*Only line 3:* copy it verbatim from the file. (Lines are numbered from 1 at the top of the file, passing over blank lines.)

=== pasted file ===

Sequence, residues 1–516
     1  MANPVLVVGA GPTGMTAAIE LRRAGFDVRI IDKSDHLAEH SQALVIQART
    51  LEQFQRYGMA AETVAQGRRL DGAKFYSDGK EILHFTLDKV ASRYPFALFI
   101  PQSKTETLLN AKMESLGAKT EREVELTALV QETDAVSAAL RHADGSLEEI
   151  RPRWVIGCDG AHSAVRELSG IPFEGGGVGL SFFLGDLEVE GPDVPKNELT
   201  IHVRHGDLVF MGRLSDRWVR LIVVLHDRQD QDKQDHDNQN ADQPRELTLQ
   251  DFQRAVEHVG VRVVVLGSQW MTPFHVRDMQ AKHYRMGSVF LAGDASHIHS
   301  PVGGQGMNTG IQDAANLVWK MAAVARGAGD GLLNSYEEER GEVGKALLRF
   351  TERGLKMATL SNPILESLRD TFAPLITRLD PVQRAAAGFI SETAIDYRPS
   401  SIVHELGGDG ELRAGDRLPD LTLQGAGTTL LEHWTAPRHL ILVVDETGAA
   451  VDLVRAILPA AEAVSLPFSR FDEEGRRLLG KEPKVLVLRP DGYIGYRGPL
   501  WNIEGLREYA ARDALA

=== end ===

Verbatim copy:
    51  LEQFQRYGMA AETVAQGRRL DGAKFYSDGK EILHFTLDKV ASRYPFALFI